A SWARM of friendly bees was rescued after it gathered on a statue at a school in Malvern.

Malvern College shared a photo via its social media showing one of its griffon statues covered in the insects.

In a Facebook post, it said: "One of the Gryphons at St George sported a new look this afternoon.

"It seems a swarm of bees wanted to be part of our Malvern family for a while."

Malvern Gazette: SWARM: Bees on a statue at Malvern CollegeSWARM: Bees on a statue at Malvern College

The school later confirmed the bees were safely removed by the father of a pupil, who is a beekeeper, and put into a new hive.

A school spokesperson added: "As the bees were beginning to swarm, one of our pupils walked past and said her Dad is a local beekeeper.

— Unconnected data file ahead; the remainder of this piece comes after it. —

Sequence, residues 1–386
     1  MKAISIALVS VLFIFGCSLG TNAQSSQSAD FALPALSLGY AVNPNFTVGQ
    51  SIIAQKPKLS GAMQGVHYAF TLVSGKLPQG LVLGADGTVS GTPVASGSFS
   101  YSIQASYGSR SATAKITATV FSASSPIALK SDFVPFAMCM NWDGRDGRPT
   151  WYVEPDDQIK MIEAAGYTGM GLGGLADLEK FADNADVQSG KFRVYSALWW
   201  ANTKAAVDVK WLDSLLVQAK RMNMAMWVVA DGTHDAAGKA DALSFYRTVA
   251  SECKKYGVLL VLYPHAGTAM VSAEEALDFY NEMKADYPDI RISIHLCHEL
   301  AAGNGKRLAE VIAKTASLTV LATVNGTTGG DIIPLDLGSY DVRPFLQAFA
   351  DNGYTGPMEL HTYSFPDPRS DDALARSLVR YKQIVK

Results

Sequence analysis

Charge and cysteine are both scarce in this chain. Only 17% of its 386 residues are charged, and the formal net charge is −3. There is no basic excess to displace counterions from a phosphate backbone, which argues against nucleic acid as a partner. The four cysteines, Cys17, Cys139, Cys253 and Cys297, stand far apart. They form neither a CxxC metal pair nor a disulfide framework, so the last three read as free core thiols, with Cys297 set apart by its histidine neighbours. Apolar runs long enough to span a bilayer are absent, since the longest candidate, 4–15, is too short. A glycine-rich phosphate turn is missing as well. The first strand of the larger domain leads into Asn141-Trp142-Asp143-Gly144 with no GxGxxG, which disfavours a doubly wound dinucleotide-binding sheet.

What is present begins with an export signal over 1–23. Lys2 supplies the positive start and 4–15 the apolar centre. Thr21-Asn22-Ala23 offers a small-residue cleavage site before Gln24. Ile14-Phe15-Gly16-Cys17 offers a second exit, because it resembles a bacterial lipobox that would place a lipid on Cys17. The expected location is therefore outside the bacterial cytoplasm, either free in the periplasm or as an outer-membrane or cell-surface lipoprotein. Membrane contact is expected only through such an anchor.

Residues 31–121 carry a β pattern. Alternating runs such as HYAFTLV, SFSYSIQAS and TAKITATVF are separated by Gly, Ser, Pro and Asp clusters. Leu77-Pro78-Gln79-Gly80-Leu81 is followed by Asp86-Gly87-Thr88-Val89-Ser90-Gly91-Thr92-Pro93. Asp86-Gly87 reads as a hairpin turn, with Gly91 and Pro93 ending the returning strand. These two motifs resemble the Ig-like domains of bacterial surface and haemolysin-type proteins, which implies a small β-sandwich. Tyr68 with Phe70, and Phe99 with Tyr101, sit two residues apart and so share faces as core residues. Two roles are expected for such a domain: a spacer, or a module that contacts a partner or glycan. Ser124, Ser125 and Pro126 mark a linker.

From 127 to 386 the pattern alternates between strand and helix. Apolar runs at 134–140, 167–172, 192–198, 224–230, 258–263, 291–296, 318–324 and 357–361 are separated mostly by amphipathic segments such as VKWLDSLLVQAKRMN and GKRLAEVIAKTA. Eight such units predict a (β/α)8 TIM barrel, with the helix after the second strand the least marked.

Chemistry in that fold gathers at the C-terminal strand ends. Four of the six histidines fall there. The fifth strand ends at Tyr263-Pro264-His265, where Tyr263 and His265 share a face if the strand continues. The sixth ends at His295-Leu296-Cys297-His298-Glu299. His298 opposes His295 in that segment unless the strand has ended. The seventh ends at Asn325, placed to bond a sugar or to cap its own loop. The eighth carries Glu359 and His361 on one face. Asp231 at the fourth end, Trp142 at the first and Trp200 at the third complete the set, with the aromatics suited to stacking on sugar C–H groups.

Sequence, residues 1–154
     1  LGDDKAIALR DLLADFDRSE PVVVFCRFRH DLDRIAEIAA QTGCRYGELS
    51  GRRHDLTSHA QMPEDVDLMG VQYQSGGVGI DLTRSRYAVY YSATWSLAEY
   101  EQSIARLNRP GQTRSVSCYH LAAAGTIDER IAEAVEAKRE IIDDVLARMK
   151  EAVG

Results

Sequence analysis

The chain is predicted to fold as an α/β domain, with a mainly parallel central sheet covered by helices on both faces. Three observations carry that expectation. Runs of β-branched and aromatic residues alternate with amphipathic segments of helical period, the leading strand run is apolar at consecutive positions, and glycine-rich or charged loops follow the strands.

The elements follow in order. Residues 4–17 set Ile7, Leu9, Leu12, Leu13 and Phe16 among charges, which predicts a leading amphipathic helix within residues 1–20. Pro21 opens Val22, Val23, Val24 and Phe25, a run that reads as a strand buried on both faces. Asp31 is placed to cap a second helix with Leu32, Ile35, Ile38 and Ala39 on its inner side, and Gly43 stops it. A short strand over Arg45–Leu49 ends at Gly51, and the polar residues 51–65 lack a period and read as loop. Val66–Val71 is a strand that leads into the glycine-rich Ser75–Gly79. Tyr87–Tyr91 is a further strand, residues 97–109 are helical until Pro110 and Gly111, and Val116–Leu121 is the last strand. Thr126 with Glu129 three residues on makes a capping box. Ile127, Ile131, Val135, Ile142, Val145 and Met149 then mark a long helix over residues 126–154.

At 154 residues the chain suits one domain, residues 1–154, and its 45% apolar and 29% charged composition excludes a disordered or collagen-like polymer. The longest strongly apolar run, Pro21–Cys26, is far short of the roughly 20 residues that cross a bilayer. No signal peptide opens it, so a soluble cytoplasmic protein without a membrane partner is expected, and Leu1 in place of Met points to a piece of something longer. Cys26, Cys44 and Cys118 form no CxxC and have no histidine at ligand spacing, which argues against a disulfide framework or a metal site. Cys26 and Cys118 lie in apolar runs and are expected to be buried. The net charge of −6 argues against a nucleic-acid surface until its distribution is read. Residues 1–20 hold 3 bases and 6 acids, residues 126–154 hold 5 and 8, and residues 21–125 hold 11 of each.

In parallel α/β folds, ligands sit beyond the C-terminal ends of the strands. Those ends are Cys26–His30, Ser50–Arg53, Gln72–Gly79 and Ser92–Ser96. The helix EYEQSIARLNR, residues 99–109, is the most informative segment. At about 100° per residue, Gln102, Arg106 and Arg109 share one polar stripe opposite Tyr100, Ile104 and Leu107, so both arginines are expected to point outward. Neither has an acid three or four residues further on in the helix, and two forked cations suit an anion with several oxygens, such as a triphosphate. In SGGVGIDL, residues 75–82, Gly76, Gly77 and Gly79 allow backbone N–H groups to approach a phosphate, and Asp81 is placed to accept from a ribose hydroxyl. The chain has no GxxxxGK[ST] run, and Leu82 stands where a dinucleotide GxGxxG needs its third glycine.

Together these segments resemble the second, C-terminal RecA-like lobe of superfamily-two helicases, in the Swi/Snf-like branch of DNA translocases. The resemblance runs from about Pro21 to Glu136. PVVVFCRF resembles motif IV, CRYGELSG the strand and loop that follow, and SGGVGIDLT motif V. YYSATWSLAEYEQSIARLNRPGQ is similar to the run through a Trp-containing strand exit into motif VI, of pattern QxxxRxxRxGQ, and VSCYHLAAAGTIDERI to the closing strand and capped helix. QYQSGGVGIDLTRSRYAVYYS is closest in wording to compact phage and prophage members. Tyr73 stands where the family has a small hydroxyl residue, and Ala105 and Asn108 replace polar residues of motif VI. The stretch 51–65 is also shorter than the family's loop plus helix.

"He came along in his suit and box and collected them.

"The queen went in, and the others followed, so they’ve been moved to safety."

The school was also given the number of the Malvern and Upton Beekeepers Association in case it happens again.

Malvern Gazette: SWARM: Bees at Malvern CollegeSWARM: Bees at Malvern College

According to the British Beekeepers' Association, swarming is a natural process which happens when the colony reproduces itself.

The old queen leaves with some of the bees, who then leave their hive and find somewhere to hang in a cluster until the scout bees decide on their new home.

Most swarms occur on warm sunny days from May to the end of July usually between 11am and 4pm.

Often there is a peak on a fine day after poor weather when temperatures approach the high teens.

A real honey bee swarm can be extremely dramatic involving many thousands of bees in a large noisy cloud.

However, they normally settle into a cluster within 15 minutes.